Skip to main content

BOSS Training Division

First steps

Lesson 1, the Caesar shift cipher and pattern detection

The simplest cipher, but a great introduction to both the implementation and cracking of a code.Powerpoint slides

Lesson 2, frequency analysis

Cracking substitution ciphers depends on finding hidden patterns in the text. Frequency analysis is your friend and is where the mathematics begins.Powerpoint slides

Lesson 3, the affine shift cipher

This is an introduction to modular arithmetic and builds on the first two lessons.Powerpoint slides

Lesson 4, breaking the affine shift cipher using modular inverses

A look at the mathematics behind the cipher, how to solve equations in modular arithmetic, and how that helps us break the affine shift cipher using inverses in modular arithmetic.Powerpoint slides

Lesson 5, the keyword cipher

Examines how to implement a much richer family of field ciphers based on an agreed keyword, and considers how to crack one in which the word structure is given, using cribs.Powerpoint slides

Lesson 6, cracking a keyword cipher using frequency analysis and cribs

This lesson takes what we know about frequency analysis and cribs and uses it to crack a much harder example of a keyword cipher in which the word structure is hidden.Powerpoint slides

The competition archivist, Madness, has written a couple of guides to cracking ciphers like the Vigenère and Batista which are based on the infamous tabula recta and its cousins. If you are ready to take the next steps in codebreaking this is a great place to start.

Head over to the BOSS Library if you want more like this.

Getting started with programming

Agent Thomas Campbell takes us through the steps he took to crack the Solitaire cipher from the Challenge in 2015, using Python: “It took me to places I hadn’t been before. I did things I wasn’t expecting to do …”

If you want more video, then head over to our Cinema!

Getting started with Python

One of our cipher challenge alumni wrote a great introduction to programming for anyone who, like Thomas, wants to take their skills to the next level. For the twentieth anniversary of the competition they have produced an all new version, focussed on Python. If you want to move beyond using a text editor and a spreadsheet to break codes then this is a great place to start!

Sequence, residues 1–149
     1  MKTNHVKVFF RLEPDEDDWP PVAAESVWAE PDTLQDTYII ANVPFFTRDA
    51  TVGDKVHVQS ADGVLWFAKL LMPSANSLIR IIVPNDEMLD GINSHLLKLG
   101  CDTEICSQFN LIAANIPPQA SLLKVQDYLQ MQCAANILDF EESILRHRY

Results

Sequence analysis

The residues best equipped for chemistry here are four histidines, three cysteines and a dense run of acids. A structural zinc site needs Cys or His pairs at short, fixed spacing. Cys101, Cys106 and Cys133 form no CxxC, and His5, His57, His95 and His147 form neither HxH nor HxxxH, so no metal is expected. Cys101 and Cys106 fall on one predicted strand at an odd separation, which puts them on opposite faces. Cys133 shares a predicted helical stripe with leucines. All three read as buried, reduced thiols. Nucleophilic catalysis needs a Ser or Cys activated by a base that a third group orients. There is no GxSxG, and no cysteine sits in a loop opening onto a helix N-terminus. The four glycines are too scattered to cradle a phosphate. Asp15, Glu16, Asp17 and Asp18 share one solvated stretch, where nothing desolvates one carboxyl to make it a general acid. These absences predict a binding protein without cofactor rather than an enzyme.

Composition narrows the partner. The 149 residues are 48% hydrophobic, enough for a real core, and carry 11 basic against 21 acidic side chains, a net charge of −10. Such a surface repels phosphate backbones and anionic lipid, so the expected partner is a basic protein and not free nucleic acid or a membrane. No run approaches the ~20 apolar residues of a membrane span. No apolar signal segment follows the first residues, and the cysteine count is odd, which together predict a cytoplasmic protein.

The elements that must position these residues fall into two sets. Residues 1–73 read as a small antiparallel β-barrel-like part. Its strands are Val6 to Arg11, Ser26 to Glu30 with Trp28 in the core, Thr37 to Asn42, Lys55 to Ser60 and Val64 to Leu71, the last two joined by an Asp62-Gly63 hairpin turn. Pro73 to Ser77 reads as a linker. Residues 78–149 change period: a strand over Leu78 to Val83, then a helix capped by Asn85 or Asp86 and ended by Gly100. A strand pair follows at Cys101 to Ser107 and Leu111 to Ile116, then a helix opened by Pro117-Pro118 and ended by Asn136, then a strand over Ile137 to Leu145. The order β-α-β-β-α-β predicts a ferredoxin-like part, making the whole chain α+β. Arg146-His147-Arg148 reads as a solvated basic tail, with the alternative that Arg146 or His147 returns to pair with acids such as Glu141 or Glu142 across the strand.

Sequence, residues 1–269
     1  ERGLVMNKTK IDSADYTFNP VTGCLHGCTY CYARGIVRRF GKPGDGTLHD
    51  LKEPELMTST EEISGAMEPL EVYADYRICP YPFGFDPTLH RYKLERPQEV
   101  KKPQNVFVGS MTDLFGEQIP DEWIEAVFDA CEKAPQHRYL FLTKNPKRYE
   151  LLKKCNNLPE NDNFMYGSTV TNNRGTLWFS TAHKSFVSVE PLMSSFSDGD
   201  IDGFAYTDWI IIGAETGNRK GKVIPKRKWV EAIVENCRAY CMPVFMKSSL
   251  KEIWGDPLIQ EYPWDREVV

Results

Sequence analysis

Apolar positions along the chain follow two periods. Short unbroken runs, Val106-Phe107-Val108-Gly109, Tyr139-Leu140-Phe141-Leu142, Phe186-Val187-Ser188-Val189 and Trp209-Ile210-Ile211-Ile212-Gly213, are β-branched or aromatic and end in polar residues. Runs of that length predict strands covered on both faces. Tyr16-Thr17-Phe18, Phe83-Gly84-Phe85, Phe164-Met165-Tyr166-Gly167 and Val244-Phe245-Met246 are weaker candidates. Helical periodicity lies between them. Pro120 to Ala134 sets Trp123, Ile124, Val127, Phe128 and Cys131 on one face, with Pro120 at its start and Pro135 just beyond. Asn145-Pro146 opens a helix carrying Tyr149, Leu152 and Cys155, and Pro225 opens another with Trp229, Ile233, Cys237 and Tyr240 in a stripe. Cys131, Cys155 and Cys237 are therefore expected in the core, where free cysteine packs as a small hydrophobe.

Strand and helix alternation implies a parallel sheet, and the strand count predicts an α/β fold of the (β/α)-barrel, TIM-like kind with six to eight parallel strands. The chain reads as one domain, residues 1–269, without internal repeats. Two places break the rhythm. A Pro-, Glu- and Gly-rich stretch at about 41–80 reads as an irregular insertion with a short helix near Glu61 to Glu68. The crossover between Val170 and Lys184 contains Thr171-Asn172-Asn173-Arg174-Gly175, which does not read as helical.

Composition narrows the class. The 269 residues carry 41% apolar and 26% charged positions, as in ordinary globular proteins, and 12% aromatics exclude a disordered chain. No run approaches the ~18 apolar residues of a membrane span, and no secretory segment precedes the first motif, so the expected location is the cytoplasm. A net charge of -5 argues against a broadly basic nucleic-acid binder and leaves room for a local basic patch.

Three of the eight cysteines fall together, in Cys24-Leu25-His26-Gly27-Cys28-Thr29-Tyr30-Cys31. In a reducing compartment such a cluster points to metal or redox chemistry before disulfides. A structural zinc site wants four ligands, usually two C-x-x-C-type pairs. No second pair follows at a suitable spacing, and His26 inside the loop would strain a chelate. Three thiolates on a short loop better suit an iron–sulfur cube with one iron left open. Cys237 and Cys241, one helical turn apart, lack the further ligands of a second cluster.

If you would like to see what you can do with python and a web browser then take a look at our official codebreaking tools page for some examples!

Letter distributions by word position

There are a number of statistical tools for analysing cipher text,(or tackling Wordle!) building on standard frequency analysis. This chart taken from @incunabula’s feed on Twitter might be useful, and in any case is certainly beautifully presented.

Advanced codebreaking

Some of the leading agents who worked on the 2016 case wrote up how they tackled it. If you are wondering what it takes to become an elite cryptanalyst at BOSS read how these agents tackled a message encrypted with a brand new code. A lot of the challenges you will face as a BOSS agent will not be anything like as difficult, but as for the later ones …

Read more

Notes from our debrief of Agent Cribbage, one of the team who broke open our 2018 case. Cribbage explains his thinking as he tackled another brand new code.Includes a nice brief introduction to the idea of the index of coincidence, one of the more sophisticated tools in the codebreaker’s toolkit.

Read more

A guide to solving Challenge 9B from the 2019 training module, written by Challenge archivist, Madness. He maintains an archive of all of the old challenge texts over on Github and if you search for them you will find them. He is also writing a long and interesting book about how to break the ciphers you see here and many more besides. Every time I look it has grown. If you ask nicely he might let you see it too.

Read more

Careers in cyber security

We work closely with a number of private organisations and government security agencies. If you are interested in a secondment with one of them, then take a look at their recruitment pages.

GCHQ have a number of technical roles which require strong mathematics skills, an enquiring mind and dedication. You can find out more about them here.

INetcraft have supported the Cipher Challenge for many years, providing our annual security audit and advice on best practice. They have employed a number of the Cipher Challenge alumni and maybe you would be interested in joining them.

The Institute of Mathematics and its Applications is a fabulous organisation that supports students and professional mathematicians across a range of careers in industry, business, government and academia.They also sponsor the National Cipher Challenge and they have a great website with loads of advice which is well worth a visit.

Report a problem